Home Nalox­one Kits see rise in us­age

The Drumheller Mail - - CLASSIFIEDS - Terri Hux­ley

More and more Al­ber­tans are ac­cess­ing the un­lim­ited sup­ply of home nalox­one kits from lo­cal drug­stores.

Nalox­one is a drug that can be used in an emer­gency over­dose sit­u­a­tion. It’s a tem­po­rary solution to pre­vent the per­son from com­pletely fail­ing be­fore med­i­cal ser­vices ar­rive.

“Short story: It blocks the re­cep­tors so that it takes away the opi­ates so they don’t get to the brain and cause the dam­age that it does, it does a tem­po­rary block,” said Ray Ain­scough of River­side Value Drug Mart.

Fen­tanyl is a unique drug as its po­tency is of a much larger ca­pac­ity and has man­made com­po­nents com­pared to nat­u­ral opioids. It is typ­i­cally meant for pain re­lief in a hos­pi­tal.

Signs of an over­dose from Fen­tanyl can be seen from phys­i­cal symp­toms like weak mus­cles, dizzi­ness, con­fu­sion, pro­foundly slow heart­beat, low blood pres­sure, or a bluish tint to lips and nails.

The Opioids and Sub­stances of Mis­use Al­berta Re­port ex­plained that by the sec­ond quar­ter of 2017, 241 deaths have been re­ported due to Fen­tanyl over­doses.

The re­port also stated that in the sec­ond quar­ter, 81 per cent of over­doses hap­pened in large ur­ban cen­tres such as Cal­gary or Ed­mon­ton, leav­ing a mere 19 per cent to smaller pop­u­la­tions or ru­ral ar­eas. 85 deaths were recorded last year in­di­cat­ing a rise of us­age in the lethal drug.

Each kit con­tains three doses of Nalox­one, three nee­dles with sup­plies, gloves, respi- ra­tor and a how-to guide for ad­min­is­ter­ing the shot. When giv­ing the shot, it is rec­om­mended to aim for a mus­cle like an arm or a leg.

Al­berta Health Ser­vices has pro­vided in­for­ma­tion on where to find phar­ma­cies or walk-in clin­ics. The link can be found here: http://www.al­ber­ta­health­ser­vices.ca/info/ Page15586.aspx or sim­ply search for Home Nalox­one Kits on­line.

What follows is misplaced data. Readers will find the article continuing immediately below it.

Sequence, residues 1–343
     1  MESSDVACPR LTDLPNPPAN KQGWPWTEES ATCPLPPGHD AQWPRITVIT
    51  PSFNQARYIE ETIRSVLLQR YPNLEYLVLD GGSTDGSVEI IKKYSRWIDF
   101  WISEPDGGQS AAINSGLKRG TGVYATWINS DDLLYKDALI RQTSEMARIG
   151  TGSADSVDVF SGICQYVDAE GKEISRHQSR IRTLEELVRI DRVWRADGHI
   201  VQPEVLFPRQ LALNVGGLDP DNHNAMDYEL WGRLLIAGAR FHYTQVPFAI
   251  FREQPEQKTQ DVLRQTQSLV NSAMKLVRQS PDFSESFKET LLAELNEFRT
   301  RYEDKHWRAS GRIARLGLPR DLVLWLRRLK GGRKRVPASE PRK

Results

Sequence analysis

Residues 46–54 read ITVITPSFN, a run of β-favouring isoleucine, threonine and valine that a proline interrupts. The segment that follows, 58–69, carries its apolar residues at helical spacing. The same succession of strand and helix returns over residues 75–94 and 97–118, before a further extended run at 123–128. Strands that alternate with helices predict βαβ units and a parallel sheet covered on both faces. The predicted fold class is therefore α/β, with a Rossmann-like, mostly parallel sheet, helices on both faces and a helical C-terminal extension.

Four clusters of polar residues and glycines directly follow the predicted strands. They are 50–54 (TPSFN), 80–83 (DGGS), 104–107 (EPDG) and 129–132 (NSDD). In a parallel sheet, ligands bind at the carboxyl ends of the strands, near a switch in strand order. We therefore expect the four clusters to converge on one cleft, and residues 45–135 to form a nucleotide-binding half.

Nalox­one Kits are avail­able at three dif­fer­ent lo­ca­tions in Drumheller; Ex­tra Foods Phar­macy, River­side Value Drug Mart, and Shop­pers Drug Mart.

“It’s 100 per cent cov­ered by the govern­ment, this is some­thing they came out with to try to save lives,” said Ain­scough. “If there’s a price not ev­ery­one will get it.”

Ain­scough ex­plains the kit can be help­ful in many dif­fer­ent sit­u­a­tions and is not re­stricted to just Fen­tanyl use.

“It can be used for other over­doses as well be­cause it blocks it,” con­tin­ued Ain­scough. “Now you have to re­mem­ber it’s a tem­po­rary fix. It’s not you give that shot and all of a sud­den ev­ery­thing is great and good to go, I call it 15 min­utes. It buys you time to get to emer­gency.”

Cur­rent or pre­vi­ous users of opioids can ac­cess the kits for free.

“If you think you need to get it, get it.”

“Plain and sim­ple.”

mailphoto by Terri Hux­ley

Owner Ray Ain­scough of River­side Value Drug Mart in Drumheller holds a Home Nalox­one Kit. In­side con­tains three shots of Nalox­one, three nee­dles with sup­plies, gloves, a res­cue mask for CPR, and a howto guide to ad­min­is­ter­ing the shot.

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